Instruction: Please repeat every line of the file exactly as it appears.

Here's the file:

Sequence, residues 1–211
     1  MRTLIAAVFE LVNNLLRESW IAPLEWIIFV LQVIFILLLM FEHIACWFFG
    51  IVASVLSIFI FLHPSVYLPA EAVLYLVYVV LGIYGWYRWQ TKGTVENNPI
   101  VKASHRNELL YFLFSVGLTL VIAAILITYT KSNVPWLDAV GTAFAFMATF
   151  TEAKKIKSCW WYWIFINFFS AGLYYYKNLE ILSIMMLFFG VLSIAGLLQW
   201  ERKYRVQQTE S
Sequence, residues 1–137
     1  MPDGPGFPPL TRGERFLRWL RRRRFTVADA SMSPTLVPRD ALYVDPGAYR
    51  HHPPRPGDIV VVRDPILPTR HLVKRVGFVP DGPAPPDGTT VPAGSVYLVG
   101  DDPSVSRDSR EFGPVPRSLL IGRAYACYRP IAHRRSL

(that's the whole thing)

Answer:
Sequence, residues 1–211
     1  MRTLIAAVFE LVNNLLRESW IAPLEWIIFV LQVIFILLLM FEHIACWFFG
    51  IVASVLSIFI FLHPSVYLPA EAVLYLVYVV LGIYGWYRWQ TKGTVENNPI
   101  VKASHRNELL YFLFSVGLTL VIAAILITYT KSNVPWLDAV GTAFAFMATF
   151  TEAKKIKSCW WYWIFINFFS AGLYYYKNLE ILSIMMLFFG VLSIAGLLQW
   201  ERKYRVQQTE S
Sequence, residues 1–137
     1  MPDGPGFPPL TRGERFLRWL RRRRFTVADA SMSPTLVPRD ALYVDPGAYR
    51  HHPPRPGDIV VVRDPILPTR HLVKRVGFVP DGPAPPDGTT VPAGSVYLVG
   101  DDPSVSRDSR EFGPVPRSLL IGRAYACYRP IAHRRSL